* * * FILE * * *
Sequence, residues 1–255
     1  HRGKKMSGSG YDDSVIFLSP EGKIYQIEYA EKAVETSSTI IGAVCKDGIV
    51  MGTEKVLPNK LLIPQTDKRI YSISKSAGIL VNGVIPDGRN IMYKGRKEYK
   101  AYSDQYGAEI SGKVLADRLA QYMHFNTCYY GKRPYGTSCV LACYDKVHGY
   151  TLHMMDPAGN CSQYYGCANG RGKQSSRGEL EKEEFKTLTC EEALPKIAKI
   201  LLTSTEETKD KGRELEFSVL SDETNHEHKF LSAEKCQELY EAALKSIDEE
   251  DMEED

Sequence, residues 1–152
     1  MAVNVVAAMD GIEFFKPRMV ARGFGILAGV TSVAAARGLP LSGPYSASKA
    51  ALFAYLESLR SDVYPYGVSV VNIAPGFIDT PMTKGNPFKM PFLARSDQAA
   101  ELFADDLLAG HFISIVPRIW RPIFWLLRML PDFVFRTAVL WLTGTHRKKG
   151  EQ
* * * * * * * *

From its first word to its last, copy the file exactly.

Sequence, residues 1–255
     1  HRGKKMSGSG YDDSVIFLSP EGKIYQIEYA EKAVETSSTI IGAVCKDGIV
    51  MGTEKVLPNK LLIPQTDKRI YSISKSAGIL VNGVIPDGRN IMYKGRKEYK
   101  AYSDQYGAEI SGKVLADRLA QYMHFNTCYY GKRPYGTSCV LACYDKVHGY
   151  TLHMMDPAGN CSQYYGCANG RGKQSSRGEL EKEEFKTLTC EEALPKIAKI
   201  LLTSTEETKD KGRELEFSVL SDETNHEHKF LSAEKCQELY EAALKSIDEE
   251  DMEED

Sequence, residues 1–152
     1  MAVNVVAAMD GIEFFKPRMV ARGFGILAGV TSVAAARGLP LSGPYSASKA
    51  ALFAYLESLR SDVYPYGVSV VNIAPGFIDT PMTKGNPFKM PFLARSDQAA
   101  ELFADDLLAG HFISIVPRIW RPIFWLLRML PDFVFRTAVL WLTGTHRKKG
   151  EQ